Nigeria has largely not moved from the farming practices of the 1940s, and those practices do not suit the present generation. Precision agriculture and smart farming are the way to go. There is machinery for every activity in agriculture, whether it is crop or animal production. Large areas of land are ploughed in minutes; ridges and heaps are mechanised; seeding is automated, as are weeding, irrigation, fertilizer application and harvesting.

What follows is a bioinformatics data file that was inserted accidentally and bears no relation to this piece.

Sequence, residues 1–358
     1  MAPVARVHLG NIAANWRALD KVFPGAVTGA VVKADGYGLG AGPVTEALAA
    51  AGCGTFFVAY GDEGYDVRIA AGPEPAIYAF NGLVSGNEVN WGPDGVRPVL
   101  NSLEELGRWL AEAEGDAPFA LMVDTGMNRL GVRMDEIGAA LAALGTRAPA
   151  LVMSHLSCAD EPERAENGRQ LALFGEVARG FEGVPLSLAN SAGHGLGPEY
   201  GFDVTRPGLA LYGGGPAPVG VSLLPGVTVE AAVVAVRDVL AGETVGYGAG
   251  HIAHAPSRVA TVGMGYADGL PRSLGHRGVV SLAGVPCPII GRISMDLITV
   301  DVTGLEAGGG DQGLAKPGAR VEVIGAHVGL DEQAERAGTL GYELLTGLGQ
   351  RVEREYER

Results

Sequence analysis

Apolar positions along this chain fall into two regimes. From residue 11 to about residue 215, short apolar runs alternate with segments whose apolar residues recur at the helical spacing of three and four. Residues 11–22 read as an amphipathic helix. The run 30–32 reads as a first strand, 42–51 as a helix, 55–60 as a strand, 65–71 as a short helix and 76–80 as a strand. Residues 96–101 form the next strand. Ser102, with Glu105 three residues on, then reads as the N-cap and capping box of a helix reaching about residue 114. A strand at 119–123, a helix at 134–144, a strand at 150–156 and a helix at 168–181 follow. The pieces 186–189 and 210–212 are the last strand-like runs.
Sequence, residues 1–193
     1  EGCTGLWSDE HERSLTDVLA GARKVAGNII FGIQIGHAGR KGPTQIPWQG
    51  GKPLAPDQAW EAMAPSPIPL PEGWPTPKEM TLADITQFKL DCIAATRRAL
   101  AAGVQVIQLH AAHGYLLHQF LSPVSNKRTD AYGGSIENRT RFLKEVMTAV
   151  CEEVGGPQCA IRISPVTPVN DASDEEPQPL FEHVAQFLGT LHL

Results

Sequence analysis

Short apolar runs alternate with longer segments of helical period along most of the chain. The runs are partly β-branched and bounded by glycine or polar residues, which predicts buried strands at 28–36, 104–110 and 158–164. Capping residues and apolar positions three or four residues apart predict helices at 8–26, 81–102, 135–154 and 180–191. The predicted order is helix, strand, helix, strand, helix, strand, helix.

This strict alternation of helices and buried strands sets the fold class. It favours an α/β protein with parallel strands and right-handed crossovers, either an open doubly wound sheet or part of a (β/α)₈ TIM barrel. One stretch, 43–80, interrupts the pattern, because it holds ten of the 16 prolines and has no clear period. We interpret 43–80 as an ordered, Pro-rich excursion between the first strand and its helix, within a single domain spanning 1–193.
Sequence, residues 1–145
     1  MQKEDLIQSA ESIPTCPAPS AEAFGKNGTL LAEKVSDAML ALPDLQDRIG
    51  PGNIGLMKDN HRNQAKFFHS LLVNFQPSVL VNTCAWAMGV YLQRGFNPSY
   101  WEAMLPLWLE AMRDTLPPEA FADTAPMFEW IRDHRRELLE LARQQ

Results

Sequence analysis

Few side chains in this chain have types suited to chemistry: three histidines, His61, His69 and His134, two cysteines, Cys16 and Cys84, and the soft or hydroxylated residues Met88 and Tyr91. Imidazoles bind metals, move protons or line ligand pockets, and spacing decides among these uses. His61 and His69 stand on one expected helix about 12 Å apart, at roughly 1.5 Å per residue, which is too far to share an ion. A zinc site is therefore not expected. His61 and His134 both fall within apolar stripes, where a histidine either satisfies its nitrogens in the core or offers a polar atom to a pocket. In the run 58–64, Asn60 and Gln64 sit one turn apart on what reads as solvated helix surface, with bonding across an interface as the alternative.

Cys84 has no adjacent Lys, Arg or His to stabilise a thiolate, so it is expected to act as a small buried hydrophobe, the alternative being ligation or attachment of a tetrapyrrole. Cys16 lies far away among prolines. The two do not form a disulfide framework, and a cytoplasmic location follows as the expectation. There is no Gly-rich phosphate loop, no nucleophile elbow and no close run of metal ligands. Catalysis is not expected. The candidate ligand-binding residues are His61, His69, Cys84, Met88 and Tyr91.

On the animal side, there is now technology to control grazing animals and hold them within a designated area, without fencing. All that one needs to do is to ensure that they have enough feed (grass) and water within the designated area. Large piggeries and poultry houses are monitored by sensors and videos; feeding is automated, as is egg collection, and sensors will notify a farmer through an App even if s/he is thousands of kilometres away if the temperature and water supply are not right. In Nigeria, we want our young people to follow the animals in the bush, and wake up and go to the farm at 5 am with ancient hoes and cutlasses. They have said no, and we have to provide what they want or they will take up arms, as some have begun to do. As someone recently said, globally, the youth are on a march, and no one should stand in their way.